Development and changes in port hinterlands have received considerable attention as they represent substantial opportunities to improve the efficiency of global freight distributions. Port regionalization was a concept brought forward by Notteboom and Rodrigue (2005) to articulate the emerging port hinterland dynamics in light of containerization, supply chain management and the setting of inland terminals. This paper expands this concept by focusing on a particular dimension of the regionalization paradigm concerning the evolving role of intermediate hubs. It is argued that, in addition to hinterland-based regionalization, there is also a foreland-based regionalization where intermediate hubs capture a maritime hinterland. This intensity and viability of processes of foreland-based regionalization depend on multiple geographical, technical and market-related factors, and this paper identifies and analyzes these underlying parameters. By doing so, it assesses whether foreland-based regionalization is simply a transitional phase in port development or, alternatively, represents emerging functional characteristics of contemporary freight distributions.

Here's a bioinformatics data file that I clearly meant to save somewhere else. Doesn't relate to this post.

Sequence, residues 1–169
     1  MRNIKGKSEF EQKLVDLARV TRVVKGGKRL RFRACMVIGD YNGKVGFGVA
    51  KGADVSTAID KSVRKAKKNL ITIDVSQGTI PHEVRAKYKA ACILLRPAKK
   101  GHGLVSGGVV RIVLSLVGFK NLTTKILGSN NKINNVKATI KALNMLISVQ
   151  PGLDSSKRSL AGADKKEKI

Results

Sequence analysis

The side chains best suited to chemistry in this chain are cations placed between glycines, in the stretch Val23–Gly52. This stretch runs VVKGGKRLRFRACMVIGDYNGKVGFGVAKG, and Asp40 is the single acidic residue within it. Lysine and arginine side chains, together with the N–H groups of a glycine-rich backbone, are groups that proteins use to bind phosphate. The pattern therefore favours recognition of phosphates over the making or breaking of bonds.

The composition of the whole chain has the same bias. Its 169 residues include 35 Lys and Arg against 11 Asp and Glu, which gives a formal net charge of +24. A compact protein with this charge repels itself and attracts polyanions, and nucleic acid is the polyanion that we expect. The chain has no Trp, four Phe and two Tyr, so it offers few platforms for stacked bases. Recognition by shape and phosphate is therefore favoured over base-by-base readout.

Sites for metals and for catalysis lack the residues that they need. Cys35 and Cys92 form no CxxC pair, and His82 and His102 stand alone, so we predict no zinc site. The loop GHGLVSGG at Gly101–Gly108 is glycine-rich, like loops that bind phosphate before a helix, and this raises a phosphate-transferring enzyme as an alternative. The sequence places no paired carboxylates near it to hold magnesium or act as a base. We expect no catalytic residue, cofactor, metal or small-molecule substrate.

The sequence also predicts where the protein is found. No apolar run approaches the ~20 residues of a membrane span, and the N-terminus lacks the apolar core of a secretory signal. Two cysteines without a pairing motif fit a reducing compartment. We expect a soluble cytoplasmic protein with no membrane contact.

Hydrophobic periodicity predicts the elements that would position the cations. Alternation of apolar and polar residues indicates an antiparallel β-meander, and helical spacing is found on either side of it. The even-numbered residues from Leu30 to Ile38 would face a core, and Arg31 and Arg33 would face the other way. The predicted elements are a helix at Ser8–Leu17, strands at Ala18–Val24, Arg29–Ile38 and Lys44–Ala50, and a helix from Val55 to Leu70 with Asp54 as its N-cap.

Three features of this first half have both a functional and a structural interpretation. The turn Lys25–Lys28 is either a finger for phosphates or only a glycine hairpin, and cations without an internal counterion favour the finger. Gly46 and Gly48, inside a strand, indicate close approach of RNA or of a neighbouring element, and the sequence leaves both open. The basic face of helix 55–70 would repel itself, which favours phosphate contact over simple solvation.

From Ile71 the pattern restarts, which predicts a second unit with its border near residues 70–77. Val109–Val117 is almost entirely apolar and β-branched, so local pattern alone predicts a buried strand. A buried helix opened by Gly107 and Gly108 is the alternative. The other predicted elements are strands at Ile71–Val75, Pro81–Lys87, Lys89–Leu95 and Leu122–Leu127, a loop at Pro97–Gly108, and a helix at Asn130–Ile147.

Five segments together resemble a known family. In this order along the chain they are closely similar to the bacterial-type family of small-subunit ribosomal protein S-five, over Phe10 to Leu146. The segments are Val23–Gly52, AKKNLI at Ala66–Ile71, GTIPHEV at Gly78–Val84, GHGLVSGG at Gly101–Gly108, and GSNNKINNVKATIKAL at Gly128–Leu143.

The global freight distribution system has been impacted by convergence in terms of technology, infrastructure, modes and terminals. Still, in spite of strong converging forces, it can be argued that logistical practices are far from being uniform. This paper analyses the regionalism in freight transport systems by providing a comparative analysis of gateway logistics practices in North America and Europe. It is demonstrated that Europe and North America are not walking the same paths when it comes to the configuration of transport and logistics networks, via operational decisions and the setting of a regulatory framework. The attributes of gateways, corridors, hinterlands, regulation, governance, value chains and labor provide an analytical framework to understand the regionalism of freight distribution in the North American and European contexts, as well as anywhere else.
Examination of the geographical layout of a variety of transport systems.